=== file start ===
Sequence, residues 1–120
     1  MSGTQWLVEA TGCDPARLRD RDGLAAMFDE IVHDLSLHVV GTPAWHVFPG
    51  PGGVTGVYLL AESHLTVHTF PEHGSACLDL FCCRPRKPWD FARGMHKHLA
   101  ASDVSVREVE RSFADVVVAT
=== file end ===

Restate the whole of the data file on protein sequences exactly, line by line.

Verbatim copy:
Sequence, residues 1–120
     1  MSGTQWLVEA TGCDPARLRD RDGLAAMFDE IVHDLSLHVV GTPAWHVFPG
    51  PGGVTGVYLL AESHLTVHTF PEHGSACLDL FCCRPRKPWD FARGMHKHLA
   101  ASDVSVREVE RSFADVVVAT